OU archival project documents the COVID-19 pandemic

By: Mary Beth Almond | Rochester Post | Published June 25, 2020


ROCHESTER HILLS — As the COVID-19 crisis disrupts normal life across the nation, the Oakland University libraries are working to document and preserve southeast Michigan’s experiences with the pandemic.

The project, spearheaded by OU Archives and Special Collections Coordinator Dominique Daniel, involves collecting submissions from OU students, faculty, staff and alumni — along with all members of the public in southeast Michigan — that can be used by future historians and scholars seeking insight into life during these unprecedented times.

“I thought it would be important to preserve whatever stories people had during this time because, obviously, this is a historic moment, and it is very disruptive for everyone, but it is also a time when people provided help and support through different forms of expression — messages, humor and artistic creations — so I felt it was important to remember these kinds of things and to preserve it,” said Daniel.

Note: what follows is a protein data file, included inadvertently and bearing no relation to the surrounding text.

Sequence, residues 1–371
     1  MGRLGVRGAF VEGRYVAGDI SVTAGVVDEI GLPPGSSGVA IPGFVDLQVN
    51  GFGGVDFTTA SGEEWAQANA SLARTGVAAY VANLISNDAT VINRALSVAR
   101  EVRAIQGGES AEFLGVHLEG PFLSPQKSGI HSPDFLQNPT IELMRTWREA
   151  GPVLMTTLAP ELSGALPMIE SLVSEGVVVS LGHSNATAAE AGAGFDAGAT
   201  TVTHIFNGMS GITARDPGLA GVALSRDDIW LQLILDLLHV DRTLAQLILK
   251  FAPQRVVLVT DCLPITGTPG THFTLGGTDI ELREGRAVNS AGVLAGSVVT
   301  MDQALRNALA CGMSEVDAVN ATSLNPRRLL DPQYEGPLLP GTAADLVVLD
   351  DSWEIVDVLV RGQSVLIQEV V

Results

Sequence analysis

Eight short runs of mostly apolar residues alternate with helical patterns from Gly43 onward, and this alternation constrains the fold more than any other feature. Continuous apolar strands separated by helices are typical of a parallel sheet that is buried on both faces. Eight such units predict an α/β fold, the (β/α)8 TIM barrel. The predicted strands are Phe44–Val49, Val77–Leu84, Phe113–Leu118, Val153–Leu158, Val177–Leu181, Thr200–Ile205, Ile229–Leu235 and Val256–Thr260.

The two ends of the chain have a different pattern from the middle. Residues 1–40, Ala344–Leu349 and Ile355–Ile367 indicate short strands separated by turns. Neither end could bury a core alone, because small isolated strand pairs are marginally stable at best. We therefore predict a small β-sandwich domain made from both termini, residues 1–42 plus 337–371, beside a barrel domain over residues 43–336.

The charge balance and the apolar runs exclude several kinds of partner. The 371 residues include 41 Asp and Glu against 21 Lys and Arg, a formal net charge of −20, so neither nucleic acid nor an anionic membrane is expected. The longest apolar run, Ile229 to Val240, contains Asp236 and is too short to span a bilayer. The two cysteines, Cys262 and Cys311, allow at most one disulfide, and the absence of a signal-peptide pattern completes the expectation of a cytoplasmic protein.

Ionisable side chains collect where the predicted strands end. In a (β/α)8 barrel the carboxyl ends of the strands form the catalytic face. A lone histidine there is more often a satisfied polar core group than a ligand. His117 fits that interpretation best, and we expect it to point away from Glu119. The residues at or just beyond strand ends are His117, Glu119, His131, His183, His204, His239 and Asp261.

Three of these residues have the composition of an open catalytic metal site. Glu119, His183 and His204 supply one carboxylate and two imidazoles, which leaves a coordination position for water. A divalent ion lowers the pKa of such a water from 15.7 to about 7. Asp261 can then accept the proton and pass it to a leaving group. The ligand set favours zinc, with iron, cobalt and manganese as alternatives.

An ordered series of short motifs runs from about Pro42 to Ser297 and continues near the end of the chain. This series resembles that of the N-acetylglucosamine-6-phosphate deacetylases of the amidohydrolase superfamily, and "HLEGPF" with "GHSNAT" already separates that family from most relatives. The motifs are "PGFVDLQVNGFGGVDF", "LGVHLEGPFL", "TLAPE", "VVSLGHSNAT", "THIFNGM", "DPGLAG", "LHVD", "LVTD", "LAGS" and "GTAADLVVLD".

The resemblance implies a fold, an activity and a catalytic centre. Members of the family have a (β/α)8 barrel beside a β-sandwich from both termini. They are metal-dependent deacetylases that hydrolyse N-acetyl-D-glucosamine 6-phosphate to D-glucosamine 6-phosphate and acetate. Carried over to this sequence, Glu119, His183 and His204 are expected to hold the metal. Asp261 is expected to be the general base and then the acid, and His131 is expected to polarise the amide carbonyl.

Daniel ran the idea by interim Associate Dean of Oakland University Libraries Amanda Nichols Hess, who gave her the green light to move forward with the project.

“It aligns well with the OU Libraries Special Collections, which is to collect local history. This is an interesting way to continue to highlight that and build that collection in a way that could help our student and community researchers and historians as they look back on this time,” Nichols Hess said.

People can submit photos, art, written journals, fliers, video and audio files, screenshots, homeschool schedules, and other materials through an online form — at oakland.az1.qualtrics.com/jfe/form/SV_0V7oMaeOXpZ51Yh — to be added to the Oakland University COVID-19 Collection.

“It’s available to post images, to share their experience, to talk about what this has been like for them, in whatever way they are comfortable and whatever information they are comfortable sharing,” said Nichols Hess.

Since announcing the project in early April, the library has received a number of photos, a drawing made during a Zoom call, an email sent by an instructor to her students, a personal journal and more from OU faculty, students and community members.

In addition to digital submissions, the library plans to accept donations of physical items.

The entire collection will be made available for research in the library’s Archives and Special Collections department.

For more information, email Dominique Daniel at daniel@oakland.edu.